Why was there so much excitement in Minnesota for Trevor Plouffe this year? Here are a few names to keep in mind: Danny Valencia, Joe Crede, Brian Buscher, Nick Punto, Michael Cuddyer, Corey Koskie, the illustrious crew of Twins’ third basemen since 2000. While Plouffe’s 106 wRC+ ranks just about dead average for that group, five of the six years better than his belong to Koskie, who was the Twins’ last offensively acceptable third baseman and who left the team in 2004. Valencia’s half-season of success in 2010 gave fans — and likely the team as well — hope that they had found a long term answer, but by June or July of 2011, it was clear that Valencia was another in the line of replacement level replacements. It looked, for more than a fleeting moment during the summer, that Plouffe would be the answer the Twins have been looking for.
He struggled to get consistent playing time when he first came up from Triple-A and it showed in his line. His first 32 games included 27 starts and produced a .163/.261/.347 line. Nearly a third of his 16 hits were home runs, so he was producing at least some value, but at this point his ownership was so low that they were more or less wasted in the fantasy sense.
Plouffe’s next 27 starts — all of June and his first game in July — are what put him on the fantasy map. He hit .333/.395/.784 with 13 HR, 23 RBI, and 24 R; that is an impressive month and it sent his ownership soaring, though the earlier in that span that owners grabbed him, the more value they got from him. He was hitting home runs on nearly a third of his flyballs, which wasn’t sustainable, but the drop off came faster than anyone was expecting. While he finished July with a workable average, .288/.333/.373, his power was all but gone. He hit just one more home run between July 2 and July 20 when a thumb injury sidelined him for the better part of a month.
It would be easy to blame Plouffe’s injuries for his absolutely abominable return from the disabled list, especially as hand and wrist injuries have a tendency to linger even beyond the player’s activation, but that just doesn’t seem to be the case here. Yes, he went 1-for-24 in his first week off the DL and finished the month of August with a .161/.232/.226 line, but he boasted a 28.6 percent line drive rate during that same time, which makes it hard to suggest that he was swinging tentatively or ineffectively because of his thumb. Even acknowledging that line drives can be miscategorized, not many guys manage a BABIP of .188 when they’re barreling up the ball relatively well.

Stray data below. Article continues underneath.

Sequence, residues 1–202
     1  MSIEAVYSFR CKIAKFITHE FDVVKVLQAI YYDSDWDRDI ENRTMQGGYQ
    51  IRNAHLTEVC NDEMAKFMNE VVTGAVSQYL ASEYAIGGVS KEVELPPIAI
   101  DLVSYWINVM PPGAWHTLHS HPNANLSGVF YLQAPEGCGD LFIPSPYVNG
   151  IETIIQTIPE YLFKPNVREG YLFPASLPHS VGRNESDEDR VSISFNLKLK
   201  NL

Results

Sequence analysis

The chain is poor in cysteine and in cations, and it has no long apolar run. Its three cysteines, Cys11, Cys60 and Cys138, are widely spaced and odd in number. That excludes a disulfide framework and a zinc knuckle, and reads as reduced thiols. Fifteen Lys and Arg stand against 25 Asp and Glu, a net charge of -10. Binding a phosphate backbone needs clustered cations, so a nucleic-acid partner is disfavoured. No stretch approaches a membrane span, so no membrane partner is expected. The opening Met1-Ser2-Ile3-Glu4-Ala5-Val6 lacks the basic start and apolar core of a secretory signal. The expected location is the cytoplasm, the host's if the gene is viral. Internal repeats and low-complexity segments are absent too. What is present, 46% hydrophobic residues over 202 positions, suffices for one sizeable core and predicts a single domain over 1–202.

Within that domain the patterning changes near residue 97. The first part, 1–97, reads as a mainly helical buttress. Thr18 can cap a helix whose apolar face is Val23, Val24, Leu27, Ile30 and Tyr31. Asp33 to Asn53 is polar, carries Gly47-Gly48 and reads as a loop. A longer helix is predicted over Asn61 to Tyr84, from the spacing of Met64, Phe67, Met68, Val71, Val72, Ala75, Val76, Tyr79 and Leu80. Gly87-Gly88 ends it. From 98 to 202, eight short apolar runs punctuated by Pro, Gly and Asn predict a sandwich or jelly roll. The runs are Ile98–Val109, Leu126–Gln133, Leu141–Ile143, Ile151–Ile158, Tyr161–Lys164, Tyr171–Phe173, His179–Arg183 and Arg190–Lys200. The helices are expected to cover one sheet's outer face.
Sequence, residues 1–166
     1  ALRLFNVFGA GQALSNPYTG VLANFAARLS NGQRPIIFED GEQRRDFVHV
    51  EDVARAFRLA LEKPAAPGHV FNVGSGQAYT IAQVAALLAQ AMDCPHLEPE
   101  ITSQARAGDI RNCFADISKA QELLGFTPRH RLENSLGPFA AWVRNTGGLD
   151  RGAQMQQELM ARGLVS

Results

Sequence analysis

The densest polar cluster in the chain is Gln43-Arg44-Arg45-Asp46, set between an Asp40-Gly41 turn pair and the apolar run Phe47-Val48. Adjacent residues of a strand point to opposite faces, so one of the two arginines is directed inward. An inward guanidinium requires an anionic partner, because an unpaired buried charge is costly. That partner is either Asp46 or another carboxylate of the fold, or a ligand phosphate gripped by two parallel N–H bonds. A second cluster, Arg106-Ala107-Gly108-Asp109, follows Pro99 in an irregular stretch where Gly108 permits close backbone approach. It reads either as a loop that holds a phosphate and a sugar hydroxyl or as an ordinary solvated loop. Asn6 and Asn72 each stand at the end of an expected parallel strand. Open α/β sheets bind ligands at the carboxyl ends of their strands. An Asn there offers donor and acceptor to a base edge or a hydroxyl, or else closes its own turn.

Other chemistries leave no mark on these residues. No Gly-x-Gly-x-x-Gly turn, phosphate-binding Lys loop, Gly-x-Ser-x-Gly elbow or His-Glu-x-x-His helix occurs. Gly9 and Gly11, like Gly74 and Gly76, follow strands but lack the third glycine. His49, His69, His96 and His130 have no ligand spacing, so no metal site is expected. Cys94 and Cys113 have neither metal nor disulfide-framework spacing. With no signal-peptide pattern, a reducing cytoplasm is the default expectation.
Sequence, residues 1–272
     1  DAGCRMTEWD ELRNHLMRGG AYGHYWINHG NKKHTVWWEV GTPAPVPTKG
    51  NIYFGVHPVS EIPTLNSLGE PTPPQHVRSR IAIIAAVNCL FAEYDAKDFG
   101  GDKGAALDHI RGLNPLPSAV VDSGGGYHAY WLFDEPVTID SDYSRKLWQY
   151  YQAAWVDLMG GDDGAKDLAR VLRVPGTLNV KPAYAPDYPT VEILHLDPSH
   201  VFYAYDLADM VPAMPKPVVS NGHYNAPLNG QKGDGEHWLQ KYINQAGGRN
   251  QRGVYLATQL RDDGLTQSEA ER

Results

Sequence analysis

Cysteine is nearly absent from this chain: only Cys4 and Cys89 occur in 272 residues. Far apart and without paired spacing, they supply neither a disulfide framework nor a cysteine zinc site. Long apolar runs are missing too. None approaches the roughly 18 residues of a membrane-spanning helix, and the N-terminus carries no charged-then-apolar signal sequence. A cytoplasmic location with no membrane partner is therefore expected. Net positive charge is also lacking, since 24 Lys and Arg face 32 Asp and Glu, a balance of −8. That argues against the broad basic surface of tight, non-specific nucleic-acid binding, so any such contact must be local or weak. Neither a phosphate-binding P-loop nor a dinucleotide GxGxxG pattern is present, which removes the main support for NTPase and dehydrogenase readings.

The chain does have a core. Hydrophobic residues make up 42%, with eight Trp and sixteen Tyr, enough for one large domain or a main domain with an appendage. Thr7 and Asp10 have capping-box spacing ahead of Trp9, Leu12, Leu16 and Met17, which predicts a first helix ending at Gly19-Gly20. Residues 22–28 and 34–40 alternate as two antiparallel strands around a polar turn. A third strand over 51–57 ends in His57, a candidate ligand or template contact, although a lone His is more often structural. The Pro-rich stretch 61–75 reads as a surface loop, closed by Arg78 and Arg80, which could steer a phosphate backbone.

Plouffe’s September was better, but hardly rises to the level of good. He hit .218/.269/.416 with four home runs — in similar fashion to the way he started the season, when he made contact the ball carried and 11 of his 22 hits went for extra bases — but he finished the season with an overall line of .235/.301/.455, which frankly isn’t that impressive. He was Zach Sanders’ 31st best third baseman this year and it’s hard to argue that he didn’t earn that ranking, but neither so is it difficult to imagine that Plouffe could have finished with a much better average at the very least without much additional effort. This is not to say that Plouffe’s struggles were solely bad luck, but he certainly was on the wrong side of a few bad breaks.
The up-and-down nature of Plouffe’s season makes it difficult to look at it holistically and get a good sense of what he’s going to be going forward. The Twins would love for him to be their answer at third until Miguel Sano is ready — circa 2016 if he can stick at third base at all — but Plouffe’s defense doesn’t make that possible if he’s only going to be six percent above league average offensively. His BABIP by the end of the year was a regrettable .244 and while he doesn’t have enough major league experience to definitively say how low that is, I don’t feel particularly adventurous saying that he’ll have a better time of it next year.
Betting on Plouffe to pull a full season anywhere close to his month of June would be irrational and nothing more than wishcasting, but — assuming he stays healthy next year — a batting average in the .260-.270 range with another 25 home runs hardly seems too good to be true. I can’t see the Twins adding a third baseman this offseason and there’s no obvious replacement in the system, so he should get a fair shake next year. If he hits, he’ll have the chance to stay, but I don’t know that Plouffe will get a chance to play through another extended slump the way he did twice in 2012, but at that point he’d be so far off fantasy radars that it won’t affect too many owners.